Tariffs, Trade, and Economic Growth in Sweden 1858–1913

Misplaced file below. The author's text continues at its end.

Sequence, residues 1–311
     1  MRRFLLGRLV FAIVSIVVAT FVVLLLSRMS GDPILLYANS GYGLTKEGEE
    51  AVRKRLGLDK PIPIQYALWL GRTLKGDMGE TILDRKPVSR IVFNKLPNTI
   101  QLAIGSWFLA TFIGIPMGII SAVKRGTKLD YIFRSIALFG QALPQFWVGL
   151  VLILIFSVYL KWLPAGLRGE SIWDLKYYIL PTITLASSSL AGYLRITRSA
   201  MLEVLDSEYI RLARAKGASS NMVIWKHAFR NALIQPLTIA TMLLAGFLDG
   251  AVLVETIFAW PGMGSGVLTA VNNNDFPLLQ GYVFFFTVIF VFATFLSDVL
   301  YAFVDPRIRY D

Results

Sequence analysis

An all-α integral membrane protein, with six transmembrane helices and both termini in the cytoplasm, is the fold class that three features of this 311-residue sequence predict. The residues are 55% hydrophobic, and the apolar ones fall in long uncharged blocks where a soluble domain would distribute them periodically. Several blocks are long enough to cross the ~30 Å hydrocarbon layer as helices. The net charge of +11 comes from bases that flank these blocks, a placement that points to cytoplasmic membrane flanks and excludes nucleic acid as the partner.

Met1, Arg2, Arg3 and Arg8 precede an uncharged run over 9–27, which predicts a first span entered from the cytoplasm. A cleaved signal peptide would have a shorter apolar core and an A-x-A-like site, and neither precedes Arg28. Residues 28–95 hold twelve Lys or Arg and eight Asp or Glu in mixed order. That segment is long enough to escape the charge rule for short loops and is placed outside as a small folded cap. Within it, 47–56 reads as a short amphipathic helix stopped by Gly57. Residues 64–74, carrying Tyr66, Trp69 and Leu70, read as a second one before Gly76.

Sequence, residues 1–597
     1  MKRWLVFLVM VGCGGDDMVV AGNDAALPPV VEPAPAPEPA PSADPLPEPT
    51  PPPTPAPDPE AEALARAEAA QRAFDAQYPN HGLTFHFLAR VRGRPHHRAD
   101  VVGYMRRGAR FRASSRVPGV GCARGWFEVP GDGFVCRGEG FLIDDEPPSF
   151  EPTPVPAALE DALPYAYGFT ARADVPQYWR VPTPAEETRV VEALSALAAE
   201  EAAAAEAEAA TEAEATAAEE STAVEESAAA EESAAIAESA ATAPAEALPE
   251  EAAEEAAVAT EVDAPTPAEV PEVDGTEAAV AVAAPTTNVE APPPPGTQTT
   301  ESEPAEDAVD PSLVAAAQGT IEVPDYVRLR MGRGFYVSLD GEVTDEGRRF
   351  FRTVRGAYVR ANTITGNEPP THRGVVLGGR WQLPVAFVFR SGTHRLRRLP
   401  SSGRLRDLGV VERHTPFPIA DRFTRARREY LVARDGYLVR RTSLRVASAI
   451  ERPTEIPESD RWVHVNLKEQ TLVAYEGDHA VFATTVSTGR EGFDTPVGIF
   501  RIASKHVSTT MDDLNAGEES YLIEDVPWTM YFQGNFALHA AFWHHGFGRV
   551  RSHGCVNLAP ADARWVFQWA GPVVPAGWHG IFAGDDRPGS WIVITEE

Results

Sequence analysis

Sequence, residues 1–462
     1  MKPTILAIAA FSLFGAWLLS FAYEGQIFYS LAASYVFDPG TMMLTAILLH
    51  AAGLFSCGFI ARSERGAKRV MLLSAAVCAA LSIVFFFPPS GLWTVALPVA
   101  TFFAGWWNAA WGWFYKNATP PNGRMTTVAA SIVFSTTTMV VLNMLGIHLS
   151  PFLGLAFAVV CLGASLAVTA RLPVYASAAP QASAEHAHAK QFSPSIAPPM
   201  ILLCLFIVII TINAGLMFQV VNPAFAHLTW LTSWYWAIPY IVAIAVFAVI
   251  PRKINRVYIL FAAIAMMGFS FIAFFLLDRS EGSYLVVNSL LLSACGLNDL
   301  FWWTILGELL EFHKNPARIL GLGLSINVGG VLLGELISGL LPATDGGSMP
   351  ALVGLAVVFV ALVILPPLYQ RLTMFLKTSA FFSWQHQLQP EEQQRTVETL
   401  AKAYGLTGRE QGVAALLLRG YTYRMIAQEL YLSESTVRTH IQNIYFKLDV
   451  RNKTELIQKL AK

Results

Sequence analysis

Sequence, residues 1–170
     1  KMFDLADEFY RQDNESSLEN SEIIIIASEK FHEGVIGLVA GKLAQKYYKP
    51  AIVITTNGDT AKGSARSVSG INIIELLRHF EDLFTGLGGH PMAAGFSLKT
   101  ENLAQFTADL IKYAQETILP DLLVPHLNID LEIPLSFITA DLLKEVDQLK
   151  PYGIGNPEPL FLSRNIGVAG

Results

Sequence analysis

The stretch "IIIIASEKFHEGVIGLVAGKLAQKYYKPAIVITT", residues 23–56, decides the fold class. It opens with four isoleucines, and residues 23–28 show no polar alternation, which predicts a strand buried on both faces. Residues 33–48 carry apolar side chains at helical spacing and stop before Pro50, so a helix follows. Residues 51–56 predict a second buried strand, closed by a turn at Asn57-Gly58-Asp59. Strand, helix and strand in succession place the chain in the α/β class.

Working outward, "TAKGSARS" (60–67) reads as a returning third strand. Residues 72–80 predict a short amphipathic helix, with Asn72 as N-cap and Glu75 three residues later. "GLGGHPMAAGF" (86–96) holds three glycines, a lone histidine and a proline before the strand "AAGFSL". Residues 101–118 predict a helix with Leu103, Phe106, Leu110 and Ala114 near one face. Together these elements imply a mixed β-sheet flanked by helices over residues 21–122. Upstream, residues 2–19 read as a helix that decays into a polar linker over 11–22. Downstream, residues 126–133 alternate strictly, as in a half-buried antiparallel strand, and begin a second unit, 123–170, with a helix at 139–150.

Abstract: This thesis investigates the effects of Swedish tariff policy on trade and economic growth during Sweden’s industrial breakthrough in the second half of the nineteenth century. As the Swedish economy developed, its tariff policy also changed from relatively liberal to more protectionist. The move towards protectionism also coincided with accelerating growth rates. This correlation was not a uniquely Swedish phenomenon as a number of researchers investigating European countries in the late nineteenth century have found. This has sparked debate about what effects the tariff policies had on the development of the European economies.Using the Swedish tariff legislation and official statistics from the period, this thesis quantifies the Swedish tariff policy between 1858 and 1913, thus giving a detailed description of the changes to the Swedish tariff structure for the first time. It also investigates the effect of the tariffs on trade, using an import-demand model. In addition to this, it also examines the relationship between import penetration and tariff protection for agriculture and industries in Sweden. Finally, by using effective rates of protection and estimates of labor productivity, the impact of the Swedish tariff policy on structural change and economic growth is analyzed. Contrary to the UK, which kept a low-tariff policy during the period, Sweden adopted a protectionist policy more akin to the German Empire.This study shows that the move towards protectionism in the late 1880s triggered general import substitution. The import structure shifted towards imports of low tariff or duty free commodities, mainly in the form of raw materials and inputs. While the tariff protection was uncorrelated with productivity growth within industries, the tariff structure mainly favored industries with higher levels of labor productivity, inducing factor movements towards more productive sectors. However, this effect on aggregate productivity was positive, but most likely small. This thesis thus highlights the importance of economic structure and variance in labor productivity between sectors for understanding the correlation between tariff protection and growth during the late nineteenth and early twentieth centuries.